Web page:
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Toys that teach

Original post made on Dec 22, 2013

Forget the Xboxes and the Wiis. Building toys — from Lego sets to tiny robots that light up — have always been the most popular holiday gifts for children, according to local toy store owners.

Read the full story here Web Link posted Sunday, December 22, 2013, 10:47 AM

Comments (3)

Posted by Jan, a resident of Mountain View
on Dec 22, 2013 at 7:23 pm

I love the TickleMe Plant Greenhouse ..In it you can grow a real house plant that moves and closes its leaves when you Tickle It...love the fun activity ideas it comes with.


Posted by Simple Gifts, a resident of Another Palo Alto neighborhood
on Dec 24, 2013 at 1:30 pm

"We have a lot of inter-faith families who celebrate both Hanukkah and Christmas"

I wonder why we've all become so balled up about Christmas in recent years. Christmas is both a secular and a religious holiday. Although in some parts of the world, the gift-giving retains its religious connection (gifts come from the Christkind in Switzerland, for example), the spiritual celebration of Christmas is in essence non-material, and as such, much of the materialism is even seen as in conflict with the religious. Santa Claus is no more a religious figure because it comes from St. Nikolaus than Valentine's Day is because of St. Valentine.

I saw evidence of this weird divide recently when I attended a school book fair. There were books about Hanukkah, with religious theme, but every last book about Christmas had to do with Santa Claus, winter themes -- anything but the actual message of religious Christmas celebrations. I just find it really strange, then, that people lump secular Christmas celebrations in with that and treat it like it's some kind of religious third rail.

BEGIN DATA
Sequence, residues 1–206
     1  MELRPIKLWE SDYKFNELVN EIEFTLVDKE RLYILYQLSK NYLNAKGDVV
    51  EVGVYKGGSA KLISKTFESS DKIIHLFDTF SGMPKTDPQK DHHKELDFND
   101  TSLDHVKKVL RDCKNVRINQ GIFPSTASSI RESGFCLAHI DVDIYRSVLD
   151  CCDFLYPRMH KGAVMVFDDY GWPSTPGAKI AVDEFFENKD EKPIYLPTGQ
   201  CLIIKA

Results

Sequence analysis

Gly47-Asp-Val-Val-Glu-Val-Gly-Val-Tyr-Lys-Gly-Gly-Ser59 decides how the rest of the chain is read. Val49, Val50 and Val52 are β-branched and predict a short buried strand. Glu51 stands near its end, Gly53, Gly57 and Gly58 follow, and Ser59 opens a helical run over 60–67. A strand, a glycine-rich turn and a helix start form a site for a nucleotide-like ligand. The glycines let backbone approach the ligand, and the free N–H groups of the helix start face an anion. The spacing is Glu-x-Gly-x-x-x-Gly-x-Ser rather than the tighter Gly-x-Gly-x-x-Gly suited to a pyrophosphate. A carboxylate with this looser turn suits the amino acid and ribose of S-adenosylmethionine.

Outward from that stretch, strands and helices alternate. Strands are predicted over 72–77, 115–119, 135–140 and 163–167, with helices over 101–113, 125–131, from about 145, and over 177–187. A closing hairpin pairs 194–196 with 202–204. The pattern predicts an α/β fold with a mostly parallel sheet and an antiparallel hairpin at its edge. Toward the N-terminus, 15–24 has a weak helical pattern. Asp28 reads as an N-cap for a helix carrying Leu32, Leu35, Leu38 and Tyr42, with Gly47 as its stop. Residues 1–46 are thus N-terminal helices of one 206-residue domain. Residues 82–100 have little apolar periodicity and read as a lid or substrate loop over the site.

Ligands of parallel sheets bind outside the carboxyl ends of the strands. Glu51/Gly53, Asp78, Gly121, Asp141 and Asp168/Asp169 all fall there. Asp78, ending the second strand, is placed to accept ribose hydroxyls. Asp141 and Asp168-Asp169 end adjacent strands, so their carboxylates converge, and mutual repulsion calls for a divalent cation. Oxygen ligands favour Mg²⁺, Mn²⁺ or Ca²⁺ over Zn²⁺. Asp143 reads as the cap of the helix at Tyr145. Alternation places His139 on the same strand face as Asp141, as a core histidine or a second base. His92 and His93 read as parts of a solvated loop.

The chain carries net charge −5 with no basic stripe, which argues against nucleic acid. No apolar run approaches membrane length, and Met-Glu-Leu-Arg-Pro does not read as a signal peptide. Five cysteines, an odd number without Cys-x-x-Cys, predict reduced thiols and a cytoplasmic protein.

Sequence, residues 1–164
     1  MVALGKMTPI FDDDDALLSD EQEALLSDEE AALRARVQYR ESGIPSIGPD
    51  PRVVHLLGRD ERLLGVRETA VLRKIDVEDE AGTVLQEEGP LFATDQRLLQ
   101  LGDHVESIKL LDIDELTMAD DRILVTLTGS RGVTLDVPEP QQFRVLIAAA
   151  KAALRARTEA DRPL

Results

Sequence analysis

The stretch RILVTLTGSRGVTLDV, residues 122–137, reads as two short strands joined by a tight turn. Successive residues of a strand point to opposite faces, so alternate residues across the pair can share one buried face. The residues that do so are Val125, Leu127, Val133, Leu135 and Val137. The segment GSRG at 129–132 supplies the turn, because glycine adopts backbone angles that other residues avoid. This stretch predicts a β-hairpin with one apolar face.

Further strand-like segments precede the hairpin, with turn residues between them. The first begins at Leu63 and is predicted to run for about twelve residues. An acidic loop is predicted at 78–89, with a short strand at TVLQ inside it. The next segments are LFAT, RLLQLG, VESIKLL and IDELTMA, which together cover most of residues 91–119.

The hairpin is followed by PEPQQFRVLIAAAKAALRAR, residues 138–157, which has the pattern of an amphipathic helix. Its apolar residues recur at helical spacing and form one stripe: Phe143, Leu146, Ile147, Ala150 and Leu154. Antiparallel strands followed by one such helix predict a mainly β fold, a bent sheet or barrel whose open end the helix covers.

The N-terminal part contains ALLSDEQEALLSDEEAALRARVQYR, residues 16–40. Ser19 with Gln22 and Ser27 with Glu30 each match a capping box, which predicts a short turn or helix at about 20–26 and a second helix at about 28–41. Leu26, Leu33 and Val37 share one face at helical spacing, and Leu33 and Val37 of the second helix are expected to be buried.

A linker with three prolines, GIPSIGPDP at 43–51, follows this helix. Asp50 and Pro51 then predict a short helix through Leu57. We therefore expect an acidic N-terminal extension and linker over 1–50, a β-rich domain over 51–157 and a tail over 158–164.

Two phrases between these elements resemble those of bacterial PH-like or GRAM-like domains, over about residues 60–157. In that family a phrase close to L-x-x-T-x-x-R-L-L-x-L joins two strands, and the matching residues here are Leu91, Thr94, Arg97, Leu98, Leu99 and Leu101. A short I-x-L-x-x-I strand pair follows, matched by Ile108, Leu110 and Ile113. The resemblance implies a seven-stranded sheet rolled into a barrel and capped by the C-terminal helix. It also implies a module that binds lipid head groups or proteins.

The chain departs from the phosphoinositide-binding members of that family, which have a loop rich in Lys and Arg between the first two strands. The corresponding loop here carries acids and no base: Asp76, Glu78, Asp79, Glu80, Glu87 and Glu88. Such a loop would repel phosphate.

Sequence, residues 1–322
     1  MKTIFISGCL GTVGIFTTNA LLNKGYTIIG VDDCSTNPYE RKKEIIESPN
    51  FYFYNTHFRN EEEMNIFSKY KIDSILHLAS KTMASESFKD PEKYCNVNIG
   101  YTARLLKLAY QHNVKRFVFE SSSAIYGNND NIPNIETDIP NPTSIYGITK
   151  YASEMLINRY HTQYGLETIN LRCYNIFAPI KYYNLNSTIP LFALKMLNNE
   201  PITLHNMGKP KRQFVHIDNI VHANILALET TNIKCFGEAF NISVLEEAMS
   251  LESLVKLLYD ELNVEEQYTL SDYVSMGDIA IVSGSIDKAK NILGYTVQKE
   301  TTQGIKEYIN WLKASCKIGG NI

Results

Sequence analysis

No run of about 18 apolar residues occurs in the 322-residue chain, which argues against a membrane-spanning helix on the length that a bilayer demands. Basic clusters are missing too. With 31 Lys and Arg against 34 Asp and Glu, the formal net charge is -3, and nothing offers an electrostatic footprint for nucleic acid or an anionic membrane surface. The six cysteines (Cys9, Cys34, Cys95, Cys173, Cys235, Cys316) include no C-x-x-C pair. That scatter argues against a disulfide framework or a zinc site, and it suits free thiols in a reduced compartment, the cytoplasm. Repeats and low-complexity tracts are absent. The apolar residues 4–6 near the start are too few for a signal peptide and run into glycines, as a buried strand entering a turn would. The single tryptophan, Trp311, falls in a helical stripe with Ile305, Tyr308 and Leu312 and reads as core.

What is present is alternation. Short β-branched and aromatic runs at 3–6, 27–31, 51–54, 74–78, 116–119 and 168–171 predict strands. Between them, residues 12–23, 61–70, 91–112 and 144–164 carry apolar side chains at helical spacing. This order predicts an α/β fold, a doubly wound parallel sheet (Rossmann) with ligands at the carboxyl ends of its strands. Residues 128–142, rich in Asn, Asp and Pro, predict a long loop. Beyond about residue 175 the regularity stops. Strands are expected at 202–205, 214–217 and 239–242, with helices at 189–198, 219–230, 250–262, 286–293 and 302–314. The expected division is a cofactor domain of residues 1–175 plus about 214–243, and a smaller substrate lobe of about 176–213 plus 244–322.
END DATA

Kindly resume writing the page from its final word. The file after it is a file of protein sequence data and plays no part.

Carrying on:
The Christmas trees, the lights, decorations, wreaths, and most of the yule traditions predate Christianity and come from pagan winter solstice celebrations that create community in the heart of winter. When I buy gifts for strangers through programs at school and church, I don't make any religious connections to that, it's just buying gifts for someone at Christmas, not based on a religious connection or whether they celebrate the religious holiday. Certainly people also have religious decorations and imagery at Christmas, since for them, Christmas is also a religious celebration. But - as a Christian myself - I don't connect shopping for gifts or decorating, making the cookies for Santa, singing Jingle Bells, etc, to the religious celebration of Christmas. We go to church, read from the story in Luke with candles on Christmas Eve, try to remember what is important, etc., and that is our religious observance of Christmas. It's not really connected in any religious way to opening the gifts on Christmas morning and eating junk food while watching football the rest of the day (though we try to connect the "remembering what's important" to that).

Christmas traditions are fun. I know people of many faiths who put up trees and celebrate them, and I don't know why in recent years, we've all been made to feel weird about that, since the community/secular holiday is really not really religious. But because we've been made to feel weird about it, Halloween has been growing as a community holiday -- celebrating horror? ugh. I have as much fun at Halloween as anyone else, but I just think a holiday about giving, sharing, lights, community, warmth -- we shouldn't deprive ourselves of that because some people also have a religious holiday that joined the communal one 2,000 years ago.

P.S. We LOVE the game Apples to Apples. We're giving Jenga this year, too.


Posted by opus, a resident of St. Claire Gardens
on Dec 24, 2013 at 2:22 pm

Christmas is a Christian holiday.

Almost all of Christianity has roots that predate it: heaven and hell, god/virgin coupling, impact of current life on everlasting afterlife, rising from the dead, miracles, original sin, etc. That doesn't make these things any less Christian.

Different people focus on different aspects of the holiday and it's celebration; ritual is as legitimate as philosophy in the context of celebrating Christmas. And, yes, the focus chosen by an individual is telling.

I think the rub is the impact, direct and indirect and now pernicious, of money and politics through media on this focus.

This impact of money and politics can bring certain aspects of the holiday to the fore as being ends in themselves, when they otherwise would represent deeper experience.

And I agree this should be fought against.


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